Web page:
The FT has been selling its highly sought after content as a dataset since 2017 and to say it has been a learning curve is a serious understatement.
For over 125 years we have been curating information for the most influential people across the globe as the key audience, but since the advent of natural language processing (NLP), neural networks and quantitative investing, the new audience of “The Machine” has forced us to think very differently.
The challenges of using NLP in systematic trading
For those who have been using NLP in systematic trading strategies for some time, news data has always posed two major challenges:
Many news providers don’t provide tickers or mapping tools to help connect a given news event to the tradeable asset.
Most news articles are published and republished numerous times as corrections are made and many news providers only archive the latest version of any article. Therefore, how can I have confidence that the data reflects the exact data first consumed by the market at the Point Of Publish (POP)?
The challenge posed by these problems is so significant that it can stop organisations from incorporating even the best quality journalism into their trading algorithms. More time needed to map datasets and process real time opportunities equals lost money, and if confidence in the data is too low then the risk simply cannot justify the return.
Easier integration, greater confidence
Fortunately the FT picked up on this early and immediately started to annotate its content with Financial Instrument Global Identifiers (FIGI) enabling low latency traders to adjust their prices much faster in response to impactful news events. Shortly after in March 2018 we made the quick decision to start storing all of the versions of every published event, including amendments to headlines and even sentiment changes resulting in major article republishes.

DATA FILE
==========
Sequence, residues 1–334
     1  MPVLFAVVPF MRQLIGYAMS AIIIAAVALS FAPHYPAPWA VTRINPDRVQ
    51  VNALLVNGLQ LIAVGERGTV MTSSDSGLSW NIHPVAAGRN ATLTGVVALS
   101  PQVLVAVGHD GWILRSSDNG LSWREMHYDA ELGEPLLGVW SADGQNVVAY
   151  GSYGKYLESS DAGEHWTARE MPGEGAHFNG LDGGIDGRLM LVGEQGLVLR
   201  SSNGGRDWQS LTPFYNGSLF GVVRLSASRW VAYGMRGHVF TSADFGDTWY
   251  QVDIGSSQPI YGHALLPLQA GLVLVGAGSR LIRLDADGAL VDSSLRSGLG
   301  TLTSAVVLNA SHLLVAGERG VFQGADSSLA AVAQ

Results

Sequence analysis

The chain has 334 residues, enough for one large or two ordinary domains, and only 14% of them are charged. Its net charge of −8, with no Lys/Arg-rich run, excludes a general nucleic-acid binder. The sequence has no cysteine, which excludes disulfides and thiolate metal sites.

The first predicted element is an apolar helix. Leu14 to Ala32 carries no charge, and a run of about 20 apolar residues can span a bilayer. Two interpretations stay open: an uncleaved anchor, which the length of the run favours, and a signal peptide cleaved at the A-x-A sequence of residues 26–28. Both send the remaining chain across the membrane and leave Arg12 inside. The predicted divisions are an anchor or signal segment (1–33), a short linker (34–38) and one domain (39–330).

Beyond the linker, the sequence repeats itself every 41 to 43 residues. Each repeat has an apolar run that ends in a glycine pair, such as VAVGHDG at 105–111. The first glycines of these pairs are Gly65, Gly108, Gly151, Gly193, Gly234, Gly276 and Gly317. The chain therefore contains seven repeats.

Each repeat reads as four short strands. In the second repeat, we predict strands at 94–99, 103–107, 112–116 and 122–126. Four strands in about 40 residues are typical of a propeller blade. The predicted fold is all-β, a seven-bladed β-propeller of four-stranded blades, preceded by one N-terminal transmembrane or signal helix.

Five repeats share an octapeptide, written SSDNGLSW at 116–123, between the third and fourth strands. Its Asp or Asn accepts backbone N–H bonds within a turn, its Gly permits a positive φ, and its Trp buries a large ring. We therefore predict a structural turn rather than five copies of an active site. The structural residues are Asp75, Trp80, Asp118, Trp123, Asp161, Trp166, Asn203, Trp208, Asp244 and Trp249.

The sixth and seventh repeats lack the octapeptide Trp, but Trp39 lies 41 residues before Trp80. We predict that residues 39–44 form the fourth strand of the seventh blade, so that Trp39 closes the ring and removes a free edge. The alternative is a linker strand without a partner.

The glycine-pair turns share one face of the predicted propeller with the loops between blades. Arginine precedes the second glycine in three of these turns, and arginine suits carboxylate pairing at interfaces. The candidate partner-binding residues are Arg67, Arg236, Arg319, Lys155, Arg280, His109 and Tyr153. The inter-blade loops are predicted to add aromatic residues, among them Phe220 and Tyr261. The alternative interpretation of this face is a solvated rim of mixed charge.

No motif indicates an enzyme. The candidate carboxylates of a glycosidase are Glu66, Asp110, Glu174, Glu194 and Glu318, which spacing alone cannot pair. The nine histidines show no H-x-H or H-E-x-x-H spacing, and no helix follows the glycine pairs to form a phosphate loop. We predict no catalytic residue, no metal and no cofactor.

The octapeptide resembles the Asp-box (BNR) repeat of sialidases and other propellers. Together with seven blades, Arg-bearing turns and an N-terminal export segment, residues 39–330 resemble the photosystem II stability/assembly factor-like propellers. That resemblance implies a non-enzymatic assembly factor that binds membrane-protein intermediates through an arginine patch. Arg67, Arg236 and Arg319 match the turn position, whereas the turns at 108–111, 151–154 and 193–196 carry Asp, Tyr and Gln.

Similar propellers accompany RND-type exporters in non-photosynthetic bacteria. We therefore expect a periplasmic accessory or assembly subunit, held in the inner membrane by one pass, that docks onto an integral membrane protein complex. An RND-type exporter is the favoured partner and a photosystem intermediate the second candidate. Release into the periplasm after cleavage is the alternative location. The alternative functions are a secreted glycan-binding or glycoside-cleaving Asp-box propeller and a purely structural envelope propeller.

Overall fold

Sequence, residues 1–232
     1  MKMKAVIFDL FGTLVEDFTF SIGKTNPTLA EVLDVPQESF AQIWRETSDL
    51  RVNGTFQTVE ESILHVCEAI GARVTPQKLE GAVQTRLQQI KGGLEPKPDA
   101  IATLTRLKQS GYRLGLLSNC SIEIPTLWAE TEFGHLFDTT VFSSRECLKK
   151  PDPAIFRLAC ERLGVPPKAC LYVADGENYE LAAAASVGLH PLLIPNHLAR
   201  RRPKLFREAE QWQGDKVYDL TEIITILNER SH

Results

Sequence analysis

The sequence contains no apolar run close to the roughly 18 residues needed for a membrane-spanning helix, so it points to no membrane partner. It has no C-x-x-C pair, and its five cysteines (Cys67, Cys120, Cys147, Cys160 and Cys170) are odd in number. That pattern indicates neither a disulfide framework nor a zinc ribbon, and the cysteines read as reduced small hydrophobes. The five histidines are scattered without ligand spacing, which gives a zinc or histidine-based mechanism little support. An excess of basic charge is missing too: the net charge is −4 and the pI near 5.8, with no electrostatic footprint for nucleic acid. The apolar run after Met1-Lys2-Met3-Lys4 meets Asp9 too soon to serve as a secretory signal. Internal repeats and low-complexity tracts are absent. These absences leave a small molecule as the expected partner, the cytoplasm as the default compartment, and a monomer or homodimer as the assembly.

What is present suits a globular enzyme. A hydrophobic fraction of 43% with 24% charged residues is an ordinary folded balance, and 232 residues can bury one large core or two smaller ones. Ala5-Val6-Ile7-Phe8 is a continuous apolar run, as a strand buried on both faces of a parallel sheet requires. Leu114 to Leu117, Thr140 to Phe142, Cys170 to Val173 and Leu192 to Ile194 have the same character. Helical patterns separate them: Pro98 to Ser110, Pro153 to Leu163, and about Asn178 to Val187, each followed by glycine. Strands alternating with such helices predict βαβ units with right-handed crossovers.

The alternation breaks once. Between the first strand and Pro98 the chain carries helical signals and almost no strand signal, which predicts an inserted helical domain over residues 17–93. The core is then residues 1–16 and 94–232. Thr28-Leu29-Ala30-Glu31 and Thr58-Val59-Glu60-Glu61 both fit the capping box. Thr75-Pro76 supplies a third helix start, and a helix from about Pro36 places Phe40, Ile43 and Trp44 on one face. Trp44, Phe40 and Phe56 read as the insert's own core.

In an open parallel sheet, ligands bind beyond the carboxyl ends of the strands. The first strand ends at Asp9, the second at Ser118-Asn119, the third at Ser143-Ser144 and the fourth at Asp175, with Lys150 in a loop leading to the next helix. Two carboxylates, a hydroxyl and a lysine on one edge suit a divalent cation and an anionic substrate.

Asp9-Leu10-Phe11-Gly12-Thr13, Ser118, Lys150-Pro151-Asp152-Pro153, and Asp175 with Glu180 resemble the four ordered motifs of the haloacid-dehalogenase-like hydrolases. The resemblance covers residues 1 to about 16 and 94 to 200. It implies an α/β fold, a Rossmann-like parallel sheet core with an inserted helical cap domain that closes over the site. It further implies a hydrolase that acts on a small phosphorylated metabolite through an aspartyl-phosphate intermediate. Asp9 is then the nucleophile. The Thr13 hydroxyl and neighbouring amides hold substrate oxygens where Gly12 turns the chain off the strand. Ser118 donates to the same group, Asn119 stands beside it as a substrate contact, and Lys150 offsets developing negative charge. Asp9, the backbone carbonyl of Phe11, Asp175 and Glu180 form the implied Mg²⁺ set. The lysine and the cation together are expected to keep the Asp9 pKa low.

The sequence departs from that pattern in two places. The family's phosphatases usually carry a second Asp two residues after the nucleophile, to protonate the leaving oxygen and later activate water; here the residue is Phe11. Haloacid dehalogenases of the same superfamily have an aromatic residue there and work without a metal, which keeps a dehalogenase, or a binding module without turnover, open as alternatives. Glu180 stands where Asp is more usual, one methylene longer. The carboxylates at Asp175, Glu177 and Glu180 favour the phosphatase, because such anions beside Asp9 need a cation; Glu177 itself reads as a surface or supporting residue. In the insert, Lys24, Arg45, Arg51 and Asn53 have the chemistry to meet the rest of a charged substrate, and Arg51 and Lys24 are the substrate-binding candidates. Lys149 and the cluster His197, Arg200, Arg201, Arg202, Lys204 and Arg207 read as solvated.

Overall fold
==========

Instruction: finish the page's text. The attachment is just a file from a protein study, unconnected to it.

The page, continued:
With history dating back to March 2018, we now have over 2 years worth of Point In Time (PIT) data - more than enough to cater for the average backtest required for developing strategies around systematic equities. Not only does this data contain all the text versions of the articles published, but UTC timestamps for each version and the PIT ticker data required to ensure correct mapping of organisations to the right assets. This translates to much easier integration of the data and a high level of confidence in time series analysis. Comparisons can even be made to snapshot data for the same period of time, in order to improve confidence going further back in time if the strategy requires it.
Emerging opportunities to explore
Another exciting evolution is that we are exploring ways to commercialise the anonymised usage data (Demand Data) for each article throughout its lifecycle. This opens up great opportunities for the measurement of impact of huge global news brands on asset performance and the spread of important narratives across different time horizons.
Please get in touch with Stephen Thomas to discuss a free trial of the dataset or to explore opportunities around demand data.